Incentives Diet: Buy This, Not That
If you're about to spend the weekend shopping for a new car, we have a couple of choices that might be unexpectedly better deals than others.
In this latest round of "Buy This, Not That," we decided to focus on full-size pickups, midsize coupes and two new compact sedans.
All the trim levels picked for these comparisons needed to include an automatic transmission; air conditioning; power locks, windows and side mirrors; keyless entry; cruise control; Bluetooth connectivity; and a USB port. MSRPs include destination charges.
Due to the special nature of configuring a truck, we came up with a few more prerequisites for this comparison. Each model had to be configured as a 4x2 crew cab with a V-8 engine.
The 12th-generation Ford F-150 has undergone a few extensive engineering changes since the model was first seen four years ago. It got a whole new lineup of fuel-efficient engines, including the new 360-horsepower, 5.0-liter V-8. The F-Series lineup remains the best-selling in America, and there are healthy incentives to be had.
The most recent Ram came out a year after the F-150, in 2009, and it features a more civilized driving experience, but it scarifies extreme payload and towing capacities with its coil spring rear suspension. Ram recently changed its trims, offering more lifestyle-specific options for the model year. The Express trim is a new value-oriented sport model that offers monochromatic paint schemes and plenty of standard equipment, according to PickupTrucks.com.
Because of Ram's liberal roster of standard features, we were able to configure a Ram with the appropriate requirements for thousands of dollars less compared with the F-150. The Ram Express crew cab with Uconnect and the ST Popular Package had all the appropriate features, plus 20-inch aluminum wheels, dual exhausts and body-colored ground effects. A similarly equipped F-150 XLT SuperCrew costs $2,915 more.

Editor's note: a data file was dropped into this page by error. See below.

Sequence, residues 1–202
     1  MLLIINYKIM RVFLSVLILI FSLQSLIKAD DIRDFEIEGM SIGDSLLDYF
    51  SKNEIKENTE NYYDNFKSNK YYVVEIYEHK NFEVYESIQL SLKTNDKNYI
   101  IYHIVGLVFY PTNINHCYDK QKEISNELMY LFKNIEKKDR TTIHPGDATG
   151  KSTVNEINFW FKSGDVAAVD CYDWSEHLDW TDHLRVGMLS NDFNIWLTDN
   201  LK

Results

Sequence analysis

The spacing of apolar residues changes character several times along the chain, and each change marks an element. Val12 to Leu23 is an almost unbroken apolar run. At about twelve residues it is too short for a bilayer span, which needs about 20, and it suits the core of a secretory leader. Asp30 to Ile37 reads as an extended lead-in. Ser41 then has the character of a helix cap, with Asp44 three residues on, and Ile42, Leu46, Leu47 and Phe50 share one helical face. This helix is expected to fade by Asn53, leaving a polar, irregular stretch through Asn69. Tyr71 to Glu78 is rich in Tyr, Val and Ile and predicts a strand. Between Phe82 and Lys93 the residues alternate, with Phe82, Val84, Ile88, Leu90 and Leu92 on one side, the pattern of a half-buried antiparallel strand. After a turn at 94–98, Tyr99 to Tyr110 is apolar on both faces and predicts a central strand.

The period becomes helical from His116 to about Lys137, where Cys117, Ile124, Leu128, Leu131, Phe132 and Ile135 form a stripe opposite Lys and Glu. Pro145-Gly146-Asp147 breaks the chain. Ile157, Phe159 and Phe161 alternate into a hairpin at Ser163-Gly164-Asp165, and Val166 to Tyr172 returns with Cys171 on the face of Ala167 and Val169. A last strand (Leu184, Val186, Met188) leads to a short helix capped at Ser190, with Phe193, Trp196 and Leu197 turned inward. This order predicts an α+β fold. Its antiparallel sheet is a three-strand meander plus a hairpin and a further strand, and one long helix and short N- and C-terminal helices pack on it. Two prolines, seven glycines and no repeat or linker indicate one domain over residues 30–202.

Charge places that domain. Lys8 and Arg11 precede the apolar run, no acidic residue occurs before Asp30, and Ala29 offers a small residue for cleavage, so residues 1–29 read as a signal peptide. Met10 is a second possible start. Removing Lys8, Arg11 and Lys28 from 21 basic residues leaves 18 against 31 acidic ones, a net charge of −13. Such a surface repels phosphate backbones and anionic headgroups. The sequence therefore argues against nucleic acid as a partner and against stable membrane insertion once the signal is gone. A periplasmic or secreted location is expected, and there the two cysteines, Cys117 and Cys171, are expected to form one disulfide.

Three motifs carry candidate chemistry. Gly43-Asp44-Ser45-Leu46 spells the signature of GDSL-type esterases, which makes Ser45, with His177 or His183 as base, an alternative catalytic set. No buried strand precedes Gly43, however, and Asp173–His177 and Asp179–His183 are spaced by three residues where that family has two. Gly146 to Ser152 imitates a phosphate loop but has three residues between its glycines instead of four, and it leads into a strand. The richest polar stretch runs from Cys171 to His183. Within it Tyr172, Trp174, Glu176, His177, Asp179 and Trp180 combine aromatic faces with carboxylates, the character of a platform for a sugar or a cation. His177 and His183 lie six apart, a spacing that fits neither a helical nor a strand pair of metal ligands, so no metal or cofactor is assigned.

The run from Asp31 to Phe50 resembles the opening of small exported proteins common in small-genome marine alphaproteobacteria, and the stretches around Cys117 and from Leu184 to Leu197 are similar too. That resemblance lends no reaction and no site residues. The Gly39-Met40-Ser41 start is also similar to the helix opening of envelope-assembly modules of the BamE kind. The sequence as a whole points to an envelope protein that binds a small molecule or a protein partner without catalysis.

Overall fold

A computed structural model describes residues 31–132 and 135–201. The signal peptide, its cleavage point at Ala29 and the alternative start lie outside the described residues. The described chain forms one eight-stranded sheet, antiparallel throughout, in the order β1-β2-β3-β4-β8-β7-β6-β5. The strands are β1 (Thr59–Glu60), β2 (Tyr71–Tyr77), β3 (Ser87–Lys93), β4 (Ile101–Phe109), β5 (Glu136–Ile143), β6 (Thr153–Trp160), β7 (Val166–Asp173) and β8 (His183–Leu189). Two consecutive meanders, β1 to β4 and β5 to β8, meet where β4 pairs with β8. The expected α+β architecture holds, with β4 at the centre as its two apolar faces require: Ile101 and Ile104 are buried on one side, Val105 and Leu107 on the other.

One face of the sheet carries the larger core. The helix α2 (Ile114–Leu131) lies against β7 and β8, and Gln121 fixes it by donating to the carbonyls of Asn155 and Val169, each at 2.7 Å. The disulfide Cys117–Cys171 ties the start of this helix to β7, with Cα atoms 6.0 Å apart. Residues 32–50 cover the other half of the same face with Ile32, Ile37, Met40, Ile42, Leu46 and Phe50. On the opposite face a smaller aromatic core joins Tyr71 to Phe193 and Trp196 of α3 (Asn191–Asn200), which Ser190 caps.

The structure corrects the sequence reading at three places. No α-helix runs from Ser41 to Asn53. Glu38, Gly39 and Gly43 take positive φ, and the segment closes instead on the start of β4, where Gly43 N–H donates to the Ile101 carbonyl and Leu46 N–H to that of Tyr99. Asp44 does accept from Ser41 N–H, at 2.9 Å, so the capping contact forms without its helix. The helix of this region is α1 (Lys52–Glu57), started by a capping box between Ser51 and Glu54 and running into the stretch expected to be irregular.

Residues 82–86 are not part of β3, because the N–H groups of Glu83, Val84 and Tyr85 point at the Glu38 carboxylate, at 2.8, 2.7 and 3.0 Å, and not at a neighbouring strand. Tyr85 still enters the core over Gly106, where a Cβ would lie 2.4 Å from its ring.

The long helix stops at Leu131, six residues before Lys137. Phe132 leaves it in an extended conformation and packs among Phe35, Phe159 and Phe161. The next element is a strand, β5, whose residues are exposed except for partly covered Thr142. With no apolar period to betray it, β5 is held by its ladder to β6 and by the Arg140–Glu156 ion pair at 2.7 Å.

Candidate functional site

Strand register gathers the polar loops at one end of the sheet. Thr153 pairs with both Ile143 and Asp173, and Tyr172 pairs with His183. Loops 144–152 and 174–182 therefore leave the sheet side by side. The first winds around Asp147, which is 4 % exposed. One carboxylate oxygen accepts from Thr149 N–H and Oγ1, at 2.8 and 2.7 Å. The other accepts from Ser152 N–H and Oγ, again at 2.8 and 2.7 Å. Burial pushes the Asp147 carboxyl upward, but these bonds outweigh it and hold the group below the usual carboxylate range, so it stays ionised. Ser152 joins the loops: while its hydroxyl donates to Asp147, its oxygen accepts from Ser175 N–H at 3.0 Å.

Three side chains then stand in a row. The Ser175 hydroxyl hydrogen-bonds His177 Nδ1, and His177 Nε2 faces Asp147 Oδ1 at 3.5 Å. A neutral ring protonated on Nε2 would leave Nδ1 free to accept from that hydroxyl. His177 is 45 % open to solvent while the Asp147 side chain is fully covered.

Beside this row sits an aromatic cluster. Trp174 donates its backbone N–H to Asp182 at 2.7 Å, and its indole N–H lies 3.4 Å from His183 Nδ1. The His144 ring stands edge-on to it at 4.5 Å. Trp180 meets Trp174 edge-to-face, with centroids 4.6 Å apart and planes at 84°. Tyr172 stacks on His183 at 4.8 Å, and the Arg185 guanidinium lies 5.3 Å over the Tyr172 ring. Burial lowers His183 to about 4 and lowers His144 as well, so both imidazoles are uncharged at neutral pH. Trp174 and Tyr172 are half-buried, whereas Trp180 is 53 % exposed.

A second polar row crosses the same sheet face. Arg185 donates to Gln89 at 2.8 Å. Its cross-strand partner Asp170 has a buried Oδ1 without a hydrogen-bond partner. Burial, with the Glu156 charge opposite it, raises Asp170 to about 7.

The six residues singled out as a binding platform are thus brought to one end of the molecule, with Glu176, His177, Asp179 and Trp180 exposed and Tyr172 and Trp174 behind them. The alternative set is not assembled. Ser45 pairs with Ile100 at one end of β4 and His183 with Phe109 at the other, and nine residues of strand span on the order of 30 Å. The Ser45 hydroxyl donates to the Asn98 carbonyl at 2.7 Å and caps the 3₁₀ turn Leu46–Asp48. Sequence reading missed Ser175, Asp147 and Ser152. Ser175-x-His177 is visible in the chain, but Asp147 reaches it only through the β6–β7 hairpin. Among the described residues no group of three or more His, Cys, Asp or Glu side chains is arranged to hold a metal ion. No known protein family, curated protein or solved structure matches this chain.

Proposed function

The Ram's 0% financing and $1,000 cash back, compared with the Ford's cash-back-only offer, make the ultimate pricing difference between the two trucks quite stark, with more than $7,000 being saved when opting for the Ram.
2012 Ford Focus Sedan vs. 2012 Honda Civic Sedan
The last time we did an incentive series like this, we included the Ford Focus sedan, which at the time was in high demand with few incentives. More than half a year later, the Focus has relatively robust incentive offerings for a new design in this segment.
The more recently redesigned 2012 Honda Civic has suffered from a string of bad publicity, from a no-recommendation snub from Consumer Reports to crippling supply issues after the earthquake and tsunami in Japan last year. Now that the Civic is on better footing, Honda is trying to rebuild the model's image, and yes, it's offering attractive financing options on the car — something a younger, more bright-eyed Honda would never have done this early in the Civic's product cycle.
Both of the sedans we chose had similar pricing, though the Civic EX we opted for cost about $700 more than the Focus.
This is where things get interesting. The Civic has an attractive 0.9% financing option, while the Ford Focus has $2,000 cash on the hood, but has to be financed normally at the average rate of 5.24%, according to Bankrate.com.
While opting for the Civic will save you more than $2,000 in financing charges, the more affordable ($2,500-plus more affordable) Focus is still the better deal by about $650.
2012 Nissan Altima Coupe vs. 2012 Honda Accord Coupe
There aren't many midsize coupes to choose from these days, but the Honda Accord and Nissan Altima coupes are still competent players despite being long in the tooth. The Accord coupe will be redesigned for 2013 and go on sale this fall, and a new Altima sedan is expected to debut this year.
These two models were the most similarly priced among the group we researched for this incentive rundown; the Nissan cost just $330 more. Ultimately, Nissan's 0% financing can't be beat by the Honda's still-attractive 0.9% financing rate.
The Honda will cost you some $600 more in financing, but only a mere $274 more in total costs. These two are essentially a tossup for buyers when it comes to pure value. That makes the research process that much more important here.